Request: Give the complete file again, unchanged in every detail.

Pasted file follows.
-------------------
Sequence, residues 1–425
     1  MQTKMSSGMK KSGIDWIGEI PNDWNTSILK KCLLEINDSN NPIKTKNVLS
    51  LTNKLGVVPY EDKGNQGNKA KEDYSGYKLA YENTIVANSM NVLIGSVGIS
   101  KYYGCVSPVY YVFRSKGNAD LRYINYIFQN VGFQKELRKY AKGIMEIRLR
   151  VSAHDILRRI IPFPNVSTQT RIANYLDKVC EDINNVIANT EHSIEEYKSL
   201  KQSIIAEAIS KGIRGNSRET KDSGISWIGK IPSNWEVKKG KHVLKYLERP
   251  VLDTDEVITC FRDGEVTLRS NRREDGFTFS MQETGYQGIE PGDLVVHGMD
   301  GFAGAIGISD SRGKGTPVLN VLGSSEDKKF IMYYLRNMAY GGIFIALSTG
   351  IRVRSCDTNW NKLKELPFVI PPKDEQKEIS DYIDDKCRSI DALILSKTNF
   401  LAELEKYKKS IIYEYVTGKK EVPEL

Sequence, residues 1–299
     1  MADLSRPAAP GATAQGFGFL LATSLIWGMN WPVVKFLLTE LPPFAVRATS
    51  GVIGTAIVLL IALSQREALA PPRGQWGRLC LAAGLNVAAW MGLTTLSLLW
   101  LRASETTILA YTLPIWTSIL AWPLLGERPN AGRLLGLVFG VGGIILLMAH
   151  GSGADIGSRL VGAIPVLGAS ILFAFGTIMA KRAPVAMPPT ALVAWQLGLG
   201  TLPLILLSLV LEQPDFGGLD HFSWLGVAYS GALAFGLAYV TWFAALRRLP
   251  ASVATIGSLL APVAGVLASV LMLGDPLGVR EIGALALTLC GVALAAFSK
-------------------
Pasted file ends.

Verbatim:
Sequence, residues 1–425
     1  MQTKMSSGMK KSGIDWIGEI PNDWNTSILK KCLLEINDSN NPIKTKNVLS
    51  LTNKLGVVPY EDKGNQGNKA KEDYSGYKLA YENTIVANSM NVLIGSVGIS
   101  KYYGCVSPVY YVFRSKGNAD LRYINYIFQN VGFQKELRKY AKGIMEIRLR
   151  VSAHDILRRI IPFPNVSTQT RIANYLDKVC EDINNVIANT EHSIEEYKSL
   201  KQSIIAEAIS KGIRGNSRET KDSGISWIGK IPSNWEVKKG KHVLKYLERP
   251  VLDTDEVITC FRDGEVTLRS NRREDGFTFS MQETGYQGIE PGDLVVHGMD
   301  GFAGAIGISD SRGKGTPVLN VLGSSEDKKF IMYYLRNMAY GGIFIALSTG
   351  IRVRSCDTNW NKLKELPFVI PPKDEQKEIS DYIDDKCRSI DALILSKTNF
   401  LAELEKYKKS IIYEYVTGKK EVPEL

Sequence, residues 1–299
     1  MADLSRPAAP GATAQGFGFL LATSLIWGMN WPVVKFLLTE LPPFAVRATS
    51  GVIGTAIVLL IALSQREALA PPRGQWGRLC LAAGLNVAAW MGLTTLSLLW
   101  LRASETTILA YTLPIWTSIL AWPLLGERPN AGRLLGLVFG VGGIILLMAH
   151  GSGADIGSRL VGAIPVLGAS ILFAFGTIMA KRAPVAMPPT ALVAWQLGLG
   201  TLPLILLSLV LEQPDFGGLD HFSWLGVAYS GALAFGLAYV TWFAALRRLP
   251  ASVATIGSLL APVAGVLASV LMLGDPLGVR EIGALALTLC GVALAAFSK